Section 3, into scalar and two-dimensional vector parts; we get

${}^{\left(aux\right)}{E}_{i}={}^{\left(aux\right)}\mathit{\epsilon}\phantom{\rule{0.166667em}{0ex}}{\widehat{n}}_{i}+{}^{\left(aux\right)}{\mathcal{E}}_{i}$ and

${}^{\left(aux\right)}{B}_{i}={}^{\left(aux\right)}\mathit{\beta}\phantom{\rule{0.166667em}{0ex}}{\widehat{n}}_{i}+{}^{\left(aux\right)}{\mathcal{B}}_{i}$, respectively. The two-dimensional vector parts

${}^{\left(aux\right)}{\mathcal{E}}_{A}$ and

${}^{\left(aux\right)}{\mathcal{B}}_{A}$, of the auxiliary electric

${}^{\left(aux\right)}\mathbf{E}$ and magnetic

${}^{\left(aux\right)}\mathbf{B}$ fields, are well-defined smooth fields on

$\Sigma $. As they encode important information about the momentary kinematical content of the considered system, e.g., the initial speeds and locations of the involved point charges, the fields

${}^{\left(aux\right)}{\mathcal{E}}_{A}$ and

${}^{\left(aux\right)}{\mathcal{B}}_{A}$ are used as the freely-specified part of data throughout

$\Sigma $. Once this has been done, the radiation content of the initial data, for the physical

$\mathbf{E}$ and

$\mathbf{B}$, in the far zone has to be introduced by choosing—based on measurements, expectations, and/or intuition—two smooth functions,

${}_{\left(0\right)}\mathit{\epsilon}$ and

${}_{\left(0\right)}\mathit{\beta}$, on a level surface

$\rho ={\rho}_{0}$ (for some sufficiently large real value of

${\rho}_{0}$) in

$\Sigma $. These are the initial data with respect to the pertinent forms of Equation (

16) that can be deduced—as described in

Section 2 and

Section 3—from the constraints equations in Equation (

2).

Remarkably, for arbitrarily small values of

$\u03f5>0$, unique smooth solutions

$\mathit{\epsilon}$ and

$\mathit{\beta}$ to the (decoupled) evolutionary form of the constraint equations exist in the region bounded by the

$\rho ={\rho}_{0}$ and

$\rho =\u03f5$ level surfaces (one could integrate the equations also outwards, with respect to

$\rho ={\rho}_{0}$; nevertheless, if one is interested in the behavior of the initial data in the near zone region, then the aforementioned domain is the relevant one). The corresponding unique smooth solutions smoothly extend onto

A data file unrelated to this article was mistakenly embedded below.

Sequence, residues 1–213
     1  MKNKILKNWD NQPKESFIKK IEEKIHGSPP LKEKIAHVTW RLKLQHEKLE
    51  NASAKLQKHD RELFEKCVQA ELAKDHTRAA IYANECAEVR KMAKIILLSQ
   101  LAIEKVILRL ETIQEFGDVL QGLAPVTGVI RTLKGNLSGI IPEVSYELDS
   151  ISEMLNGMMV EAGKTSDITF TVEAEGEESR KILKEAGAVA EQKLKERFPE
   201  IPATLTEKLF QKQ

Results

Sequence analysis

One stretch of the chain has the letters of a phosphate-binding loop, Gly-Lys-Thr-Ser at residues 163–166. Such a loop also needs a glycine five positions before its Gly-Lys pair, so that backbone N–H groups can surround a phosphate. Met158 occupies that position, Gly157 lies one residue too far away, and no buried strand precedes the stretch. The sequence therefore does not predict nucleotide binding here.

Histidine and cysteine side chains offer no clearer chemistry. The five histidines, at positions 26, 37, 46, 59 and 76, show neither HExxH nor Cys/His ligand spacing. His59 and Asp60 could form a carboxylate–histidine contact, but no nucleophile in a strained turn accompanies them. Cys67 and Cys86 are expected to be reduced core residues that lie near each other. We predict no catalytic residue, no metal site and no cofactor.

$\Sigma $, even in the

$\u03f5\to 0$ limit, in spite of the fact the solutions are known to blow up at the focal points where the point charges are located initially. Using the unique smooth solution

$\mathit{\epsilon}$ and

$\mathit{\beta}$, corresponding to the choices made for the initial data

${}_{\left(0\right)}\mathit{\epsilon}$ and

${}_{\left(0\right)}\mathit{\beta}$ at

$\rho ={\rho}_{0}$, the initialization of the physical electric and magnetic fields is given as

${E}_{i}=\mathit{\epsilon}\phantom{\rule{0.166667em}{0ex}}{\widehat{n}}_{i}+{}^{\left(aux\right)}{\mathcal{E}}_{i}$ and

${B}_{i}=\mathit{\beta}\phantom{\rule{0.166667em}{0ex}}{\widehat{n}}_{i}+{}^{\left(aux\right)}{\mathcal{B}}_{i}$, respectively. Note that they will differ from

${}^{\left(aux\right)}{E}_{i}$ and

${}^{\left(aux\right)}{B}_{i}$ as the initial data

${}_{\left(0\right)}\mathit{\epsilon}$ and

${}_{\left(0\right)}\mathit{\beta}$, for the pertinent forms of Equation (

16), were chosen to differ from

${}^{\left(aux\right)}\mathit{\epsilon}$ and

${}^{\left(aux\right)}\mathit{\beta}$. More importantly, once the electric and magnetic fields

$\mathbf{E}$ and

$\mathbf{B}$ are initialized in the way prescribed above, the conventional time evolution equations of the coupled Maxwell–Lorentz system (including the two ones in Equation (

1)) relevant for the pair of interacting point charges should be solved (possible by numerical means). Notably, due to the above outlined initialization, the radiation that will emerge from the consecutive accelerating motion of the pair of point charges is guaranteed to be consistent with the radiation imposed, by specifying initial data

${}_{\left(0\right)}\mathit{\epsilon}$ and

${}_{\left(0\right)}\mathit{\beta}$, at the

$\rho ={\rho}_{0}$ level surface located in the far zone.